How to create ssh keys and manage multiple keys
Ssh keys make possible fast, secure, and passwordless login to a server. Plus it's easy to manage multiple keys with a config file.
First step: check for SSH keys
$ ls -al ~/.ssh # This shows all your keys, if there is any
If you don’t have an
~/.ssh directory, go ahead and make it:
$ mkdir ~/.ssh
Second step: setup an ssh key
First, lets make a key. On your local machine, issue:
$ ssh-keygen -t rsa
It’ll ask you where to save it, if this is the first key you’re making, then just hit enter and it’ll make it in
/Users/hilja/.ssh/id_rsa. If you already have a key, and want to make new key, then use a different name, like
/Users/hilja/.ssh/id_rsa_xxx, it can be anything though.
Generating public/private rsa key pair. Enter file in which to save the key (/Users/hilja/.ssh/id_rsa): /Users/hilja/.ssh/id_rsa_xxx
Next it asks to make a passphrase, what it means is that in addition you are required to type in a password when logging in with the key. I usually leave it blank by hitting enter.
Two files were created:
id_rsa_xxx– this is your key file that sits on the local machine.
id_rsa_xxx.pub– this is the public file that goes to your remote server.
Now you have the key, go ahead and pop it open to a text editor, or cat it
$ cat id_rsa_xxx, it should look something like this:
-----BEGIN RSA PRIVATE KEY----- MIIEpAIBAAKCAQEAn5EYBOxjQ6gPDmhQi1P2tQIKRVQc7XjzClkgjfCynAFCXwwj 8U1iBY4jwiD/e7cpHZ6gZzdu3Ty965RktoVB6rAtqh4COGrgR/+TfHqNnqS9jF09 zff3vruhGKoWSMT3PIBei1r7mngVEFbb8fpGZZ7Ey2x1yVY2Ez7XKlh3QgV8EmNE bDKUwXguUKpXxz6C5vHnbJh1L9Yx+KB5Lll+RBZOLhSGNmqz/CcyPYTiucR64u9E BiozlC8Oyzx/yiFHGRHLMUcwqQx2zT/AdbVExPx5hh63Gs3lVKEkHZVtaihmMXTb N+OSmiJZ3eb37b2GQ2Nt4xwzt5sTti/CW4OYLwIDAQABAoIBABivntKsK5M8/c9R zhwwCjvoq+Qb5jnK+3a/YSz0bv15qGYB/9GGEkMfwWJ4Lm5aYM8HSnONfOZXTl6S VFe0S43PKUz7Y6GZZ9ZEY49WjmS1K/Xs2i0vfthe3hBlqYxy1gOvBqQdu7crvrwy 9ByPlNVQfxPJpChcyCRRy3c8q6p1A7IakK/ylVht3GKCfv0OxZu5iYnQsF+nwBqu 2zNl2/QnQgr5bV+xLqlDBq3vL8kaA2HSatuG1HRKPwkD9ev9YeV40Az0XJVx0zeU MRrzz7kCgYEAzuTGEkUiIwMy/tlcPWt8ingrowp9bAtt+zhrTOHa3MCOK0YnRaTe +2c6JQBpmBaZr/LMLZiXZ6lmDKCA1VeH+h8RCRh8En89y9QTmj3c196DC4d1dh4s AZwVe2pxNX6xtuxyL3dcxbsxRc/FRcTb8Fr6RmofZenXLXF33kSMulMCgYEAxXCn q/P37T1bHaimC/aziqMDg1nKCoIRw3cRsLeO7o0eO2PukQmBaBxJpTY8RO2InUJx PRi61Ylk+foUyEctMVdyK5QUKJUc0diNPBpG+2fR30GPKa3Q62ketftU9MZ6lgZS d0k1HsAexVjrXJETh/LlfhUq65o/Mvb90EP8RzUCgYEAsS8fqnnmeFG/FJ6V7kvl RrkPtfu/2g4XzHRPAHLUewW1O75C19QQ2wFWvGWUCRoh2Jt43Pu3fqGGsf2rGAp0 e3Krpjx/1V9/TtZ7Szb7sSvw0qjZoaTJTz+a7i0EcynjjKMGTzxMCVL9Kap8afnj 2f4wJKmx5hfTnil03LecRd0CgYBj7frPSzHGv3Eod71i/MAugQc8Kevama6H8fHg FhjPqQKBgQCEvylEWoEkAldKvtt2MEbl1MZdaBVS//AukAtCIOn2Lyyj4Xn20ZoO mBLN6c/4Mcy8K2D2e61J7sx1qAcIE8Ry7XOzkDG7pGztWhJMRSSAWhL0WENLGcfl kOYqzHLPk7qcX9a/o1MEITR85A1kdfN76FN5lZWq86e2+3xvd3hY7w== -----END RSA PRIVATE KEY-----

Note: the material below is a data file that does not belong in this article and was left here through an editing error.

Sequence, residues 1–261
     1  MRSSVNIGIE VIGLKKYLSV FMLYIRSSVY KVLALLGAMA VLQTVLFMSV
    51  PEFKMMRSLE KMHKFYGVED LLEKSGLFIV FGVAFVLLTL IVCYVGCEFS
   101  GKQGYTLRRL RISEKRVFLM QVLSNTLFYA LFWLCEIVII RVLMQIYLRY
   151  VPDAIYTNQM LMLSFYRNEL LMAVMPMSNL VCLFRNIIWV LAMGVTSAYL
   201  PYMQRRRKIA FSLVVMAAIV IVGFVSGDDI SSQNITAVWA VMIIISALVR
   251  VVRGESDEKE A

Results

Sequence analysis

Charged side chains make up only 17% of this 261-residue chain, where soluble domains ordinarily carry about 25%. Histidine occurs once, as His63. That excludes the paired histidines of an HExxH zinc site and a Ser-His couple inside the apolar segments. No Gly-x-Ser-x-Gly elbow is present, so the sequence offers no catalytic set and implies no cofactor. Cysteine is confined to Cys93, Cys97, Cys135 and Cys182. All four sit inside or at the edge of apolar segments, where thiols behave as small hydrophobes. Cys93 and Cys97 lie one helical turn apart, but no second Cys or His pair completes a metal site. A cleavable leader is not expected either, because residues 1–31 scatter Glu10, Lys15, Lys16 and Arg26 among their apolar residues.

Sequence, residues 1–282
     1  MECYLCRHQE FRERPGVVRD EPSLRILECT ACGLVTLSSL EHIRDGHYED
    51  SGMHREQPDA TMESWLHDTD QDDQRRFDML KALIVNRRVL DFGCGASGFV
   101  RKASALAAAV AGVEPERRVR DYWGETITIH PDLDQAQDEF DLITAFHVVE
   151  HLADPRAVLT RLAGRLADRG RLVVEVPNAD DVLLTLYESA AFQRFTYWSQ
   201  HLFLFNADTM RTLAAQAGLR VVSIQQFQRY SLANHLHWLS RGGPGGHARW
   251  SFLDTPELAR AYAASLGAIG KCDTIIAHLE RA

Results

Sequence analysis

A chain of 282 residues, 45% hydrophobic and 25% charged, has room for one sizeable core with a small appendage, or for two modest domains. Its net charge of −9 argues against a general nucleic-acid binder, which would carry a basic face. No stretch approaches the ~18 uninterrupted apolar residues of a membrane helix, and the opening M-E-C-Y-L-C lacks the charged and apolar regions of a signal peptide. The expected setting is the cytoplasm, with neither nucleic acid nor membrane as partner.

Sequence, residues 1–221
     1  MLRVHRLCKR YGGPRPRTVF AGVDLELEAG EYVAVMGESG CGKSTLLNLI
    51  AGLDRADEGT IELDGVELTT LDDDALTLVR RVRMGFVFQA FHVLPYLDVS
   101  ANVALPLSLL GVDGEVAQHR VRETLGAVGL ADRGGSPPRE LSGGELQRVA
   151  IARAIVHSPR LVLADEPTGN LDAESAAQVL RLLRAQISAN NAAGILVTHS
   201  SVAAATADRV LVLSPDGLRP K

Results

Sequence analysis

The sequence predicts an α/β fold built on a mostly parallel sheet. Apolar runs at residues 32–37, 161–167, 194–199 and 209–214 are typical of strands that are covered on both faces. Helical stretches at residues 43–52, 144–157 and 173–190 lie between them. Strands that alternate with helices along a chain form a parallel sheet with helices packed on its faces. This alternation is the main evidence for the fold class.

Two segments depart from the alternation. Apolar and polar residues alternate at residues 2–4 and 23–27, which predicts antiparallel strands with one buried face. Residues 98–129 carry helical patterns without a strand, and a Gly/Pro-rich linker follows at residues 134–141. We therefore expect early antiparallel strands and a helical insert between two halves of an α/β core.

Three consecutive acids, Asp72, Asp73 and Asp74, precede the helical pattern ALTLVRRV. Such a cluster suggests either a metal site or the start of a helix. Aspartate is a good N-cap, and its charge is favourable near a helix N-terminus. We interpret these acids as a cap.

And the public file looks approximately like this:
ssh-rsa AAAAB3NzaC1yc2EAAAADAQABAAABAQDOGfrmloAfkrrigjJjgGjr2aCM0z++bKJk9H6iJHc2jCB8l3T1KNGy+G0V4xe60XFm2i7/CaV4MjAhM9bSXBxxdga2ZlfhDNB4JTs0wanWzJxPqGeiMvLjtjTbGg3nuF1gR5ZLSMs8V4QAtsvAPVR6iE5TnqRtQwgb67OGCuwi44askvtveVXWtgIUsrDYxzfSHfgDPyhNXPMG9Ci7NxltMhiqUiuNkMJxtZ/pktTUJmlwCifQS/1g5YPU/ywPizeyqzoWo7o0pp823LIgiFPN9uyiWdwdB3+Qc7zfcKNYuXxRV5U6Ne3znXQRxiMi05D0jDv682JRE5NQEXF bob@localbob
Third step: copy the key to remote server
Let’s set things up in the remote end next. In the remote machine there is a file
~/.ssh/authorized_keys, we need to put the public key there, there are few way to go about this.
Method #1 ssh-copy-id
Probably the most painless solution of these, downside being it won’t work on OS X (scroll to method #2 if you’re on OS X).
$ ssh-copy-id firstname.lastname@example.org
The syntax in whole goes like:
ssh-copy-id [-i [identity_file]] [user@]machine
So the custom named pub file would go like this
$ ssh-copy-id -i id_rsa_xxx.pub email@example.com
This is more verbose but I’ve found it very successful:
$ cat ~/.ssh/id_rsa_xxx.pub | ssh -p 5555 firstname.lastname@example.org "mkdir -p ~/.ssh && cat >> ~/.ssh/authorized_keys"
Note that a port is specified
-p 5555, if you have your ssh listening to a default port, you might not need that.
Just copy and paste manually the public key, cat it out and just copy it:
$ cat ~/.ssh/id_rsa_xxx.pub
Login to the remote server and find the
~/.ssh/authorized_keys and paste it there.
Now it should work, test it by exiting your box and
ssh back into it, there should be no password prompt.
Fourth step: multiple ssh keys
It’s good to have many keys, e.g. one for GitHub, one for BitBucket, one for your server. But, by default the
id_rsa.pub file is always used, we have to tell ssh to look different public key file depending on the service. This is where the
config files come in.
config file lives in
~/.ssh/config, if it’s not there, go ahead and make it.
Contents of it should looks something like:
Host myserver HostName example.com Port 5555 IdentityFile ~/.ssh/id_rsa_xxx User bob
Hostthis can be anything, this is used to connect to the server
HostNameIP or host name
Portopen port in the server, might not need this
IdentityFilewhere the key file is
Useruser on the server, this is needed if your user on the server is different than on local machine
Now, logging in is as easy as:
$ ssh myserver.
Add more servers after the first one, if needed.
Host myserver HostName example.com Port 5555 IdentityFile ~/.ssh/id_rsa_xxx User bob Host mysecondserver HostName example.net Port 6666 IdentityFile ~/.ssh/id_rsa_zzz User slartibartfast